Cities and counties across Florida are slowly entering the first phase of reopening many parks and beaches as the state tries to transition to a new normal in the midst of the coronavirus pandemic.
In Miami-Dade, Mayor Carlos Gimenez announced emergency orders that allow all parks, marinas and golf courses to reopen on Wednesday under specific health guidelines.
Miami Beach parks, boat ramps, golf courses and other facilities will open Wednesday as well. Face coverings must always be worn unless otherwise noted, social distancing must be observed, and there can't be gatherings of 10 or more people.
Broward County is also beginning a phased reopening of parks and other public open spaces this week, though social distancing guidelines remain in place and beaches and businesses will stay closed, officials announced.
On Monday, Florida Gov. Ron DeSantis said, for most people, the first phase of reopening will not be much different than what they are experiencing now with schools and nonessential businesses closed and people being encouraged to stay home.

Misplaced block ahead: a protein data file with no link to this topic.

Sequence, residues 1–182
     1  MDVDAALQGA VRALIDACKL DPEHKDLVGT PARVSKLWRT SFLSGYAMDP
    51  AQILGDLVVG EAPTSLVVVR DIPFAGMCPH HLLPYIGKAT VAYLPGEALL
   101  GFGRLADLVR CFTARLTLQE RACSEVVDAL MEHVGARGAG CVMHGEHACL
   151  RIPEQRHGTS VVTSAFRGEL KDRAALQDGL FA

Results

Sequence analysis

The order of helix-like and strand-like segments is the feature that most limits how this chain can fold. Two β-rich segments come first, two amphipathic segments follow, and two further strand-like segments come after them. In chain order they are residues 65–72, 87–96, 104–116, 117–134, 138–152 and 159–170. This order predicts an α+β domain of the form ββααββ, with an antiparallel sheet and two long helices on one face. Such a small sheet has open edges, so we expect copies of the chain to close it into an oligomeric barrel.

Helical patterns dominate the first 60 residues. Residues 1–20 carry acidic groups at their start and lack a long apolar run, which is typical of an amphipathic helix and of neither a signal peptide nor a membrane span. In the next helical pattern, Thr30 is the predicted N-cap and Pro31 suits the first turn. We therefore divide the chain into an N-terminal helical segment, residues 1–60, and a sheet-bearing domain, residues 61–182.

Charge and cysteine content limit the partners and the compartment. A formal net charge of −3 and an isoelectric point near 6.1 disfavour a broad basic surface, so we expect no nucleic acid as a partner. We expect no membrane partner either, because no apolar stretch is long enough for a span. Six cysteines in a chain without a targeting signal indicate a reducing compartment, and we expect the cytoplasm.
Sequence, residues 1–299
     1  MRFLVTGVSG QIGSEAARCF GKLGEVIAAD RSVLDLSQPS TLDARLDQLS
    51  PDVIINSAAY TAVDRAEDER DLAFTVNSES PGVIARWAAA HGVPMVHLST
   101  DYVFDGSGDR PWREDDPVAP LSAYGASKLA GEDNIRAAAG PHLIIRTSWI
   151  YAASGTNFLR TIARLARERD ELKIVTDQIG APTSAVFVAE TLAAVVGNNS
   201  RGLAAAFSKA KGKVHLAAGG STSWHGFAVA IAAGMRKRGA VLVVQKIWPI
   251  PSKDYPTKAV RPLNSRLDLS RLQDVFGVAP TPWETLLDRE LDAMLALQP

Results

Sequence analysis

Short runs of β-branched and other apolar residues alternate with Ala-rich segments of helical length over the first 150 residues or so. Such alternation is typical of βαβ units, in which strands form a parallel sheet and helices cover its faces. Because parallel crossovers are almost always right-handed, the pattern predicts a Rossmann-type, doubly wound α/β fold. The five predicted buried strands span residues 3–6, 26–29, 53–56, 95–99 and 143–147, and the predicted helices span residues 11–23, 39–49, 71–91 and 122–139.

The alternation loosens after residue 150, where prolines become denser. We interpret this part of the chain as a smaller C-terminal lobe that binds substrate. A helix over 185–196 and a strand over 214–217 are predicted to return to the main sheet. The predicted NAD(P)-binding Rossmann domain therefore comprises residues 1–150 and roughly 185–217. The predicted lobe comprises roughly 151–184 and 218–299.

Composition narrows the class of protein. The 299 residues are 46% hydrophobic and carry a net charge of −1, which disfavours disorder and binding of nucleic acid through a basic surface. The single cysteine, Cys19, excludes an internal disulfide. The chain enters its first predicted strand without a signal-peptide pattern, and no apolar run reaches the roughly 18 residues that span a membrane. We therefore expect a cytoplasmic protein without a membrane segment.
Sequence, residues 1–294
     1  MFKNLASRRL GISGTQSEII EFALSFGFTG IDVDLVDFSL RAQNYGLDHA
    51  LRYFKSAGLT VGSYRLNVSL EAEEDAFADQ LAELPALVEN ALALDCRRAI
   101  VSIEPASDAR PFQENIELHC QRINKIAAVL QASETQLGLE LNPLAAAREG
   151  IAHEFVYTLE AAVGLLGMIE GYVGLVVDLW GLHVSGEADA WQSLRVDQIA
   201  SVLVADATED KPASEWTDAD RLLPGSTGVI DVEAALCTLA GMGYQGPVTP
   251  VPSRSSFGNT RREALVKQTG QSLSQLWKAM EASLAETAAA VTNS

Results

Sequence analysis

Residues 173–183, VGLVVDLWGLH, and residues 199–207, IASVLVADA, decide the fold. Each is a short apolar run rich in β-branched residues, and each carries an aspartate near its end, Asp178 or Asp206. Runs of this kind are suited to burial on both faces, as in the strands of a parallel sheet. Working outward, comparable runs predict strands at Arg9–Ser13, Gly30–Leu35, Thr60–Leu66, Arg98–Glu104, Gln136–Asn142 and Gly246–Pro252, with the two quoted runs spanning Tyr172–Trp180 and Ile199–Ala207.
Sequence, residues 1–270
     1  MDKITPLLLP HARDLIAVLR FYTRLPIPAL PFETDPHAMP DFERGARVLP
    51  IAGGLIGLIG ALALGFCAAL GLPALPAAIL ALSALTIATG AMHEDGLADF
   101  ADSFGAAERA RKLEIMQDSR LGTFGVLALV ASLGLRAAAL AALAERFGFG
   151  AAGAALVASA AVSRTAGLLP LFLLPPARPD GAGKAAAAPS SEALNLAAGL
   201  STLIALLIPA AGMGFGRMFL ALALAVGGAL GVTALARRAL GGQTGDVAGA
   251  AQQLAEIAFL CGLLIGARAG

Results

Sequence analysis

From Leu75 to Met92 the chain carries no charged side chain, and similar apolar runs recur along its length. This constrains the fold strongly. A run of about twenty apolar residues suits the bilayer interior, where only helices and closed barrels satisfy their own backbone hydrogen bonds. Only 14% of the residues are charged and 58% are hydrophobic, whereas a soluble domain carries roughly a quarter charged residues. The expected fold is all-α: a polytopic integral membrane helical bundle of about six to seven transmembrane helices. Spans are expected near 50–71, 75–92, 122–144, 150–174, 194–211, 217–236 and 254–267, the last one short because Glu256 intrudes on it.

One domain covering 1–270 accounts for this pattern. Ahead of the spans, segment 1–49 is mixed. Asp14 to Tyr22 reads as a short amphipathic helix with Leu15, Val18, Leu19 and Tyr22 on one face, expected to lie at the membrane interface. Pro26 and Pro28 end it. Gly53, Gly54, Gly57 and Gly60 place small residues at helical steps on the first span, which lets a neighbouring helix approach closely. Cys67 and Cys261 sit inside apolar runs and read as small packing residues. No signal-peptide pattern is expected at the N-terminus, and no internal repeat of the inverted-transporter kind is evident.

The official guidelines created by the Trump administration require that there be a downward trajectory in both flu-like symptoms and new COVID-19 cases over the course of 14 days in order for states to start reopening.
With all that being said, how ready is Florida to reopen?
The tool below allows you to see where Florida is trending when looking at the White House's guidelines, and how the state compares to others.
Should Your State Reopen?
For states considering lifting quarantine measures, the official guidelines propose either a downward trajectory of COVID-19 cases within two weeks or a downward trajectory of positive tests as a percent of total tests.
As shown below, when you compare yesterday’s new case count with that of two weeks ago, the number is often lower, simply because the counts fluctuate. Critics call the measures vague and ultimately because they aren’t binding, some states are choosing to reopen whether they meet the criteria or not.
Source: The COVID Tracking Project
Credit: Amy O’Kruk/NBC